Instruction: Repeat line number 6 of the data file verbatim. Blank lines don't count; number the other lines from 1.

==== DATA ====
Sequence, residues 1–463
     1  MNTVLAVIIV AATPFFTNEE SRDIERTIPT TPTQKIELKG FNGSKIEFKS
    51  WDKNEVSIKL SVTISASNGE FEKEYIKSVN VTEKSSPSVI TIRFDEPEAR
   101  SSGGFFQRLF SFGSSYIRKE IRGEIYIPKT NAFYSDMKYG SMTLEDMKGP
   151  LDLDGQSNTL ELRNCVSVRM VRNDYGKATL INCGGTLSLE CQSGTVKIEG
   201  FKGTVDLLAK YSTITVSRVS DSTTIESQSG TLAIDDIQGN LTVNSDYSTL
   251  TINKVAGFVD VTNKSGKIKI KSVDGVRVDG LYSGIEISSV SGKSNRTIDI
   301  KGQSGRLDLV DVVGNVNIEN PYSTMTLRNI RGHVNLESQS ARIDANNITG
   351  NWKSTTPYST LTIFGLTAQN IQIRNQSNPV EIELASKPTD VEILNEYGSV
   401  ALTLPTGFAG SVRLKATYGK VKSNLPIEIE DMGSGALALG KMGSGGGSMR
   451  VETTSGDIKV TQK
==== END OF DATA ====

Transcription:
   201  FKGTVDLLAK YSTITVSRVS DSTTIESQSG TLAIDDIQGN LTVNSDYSTL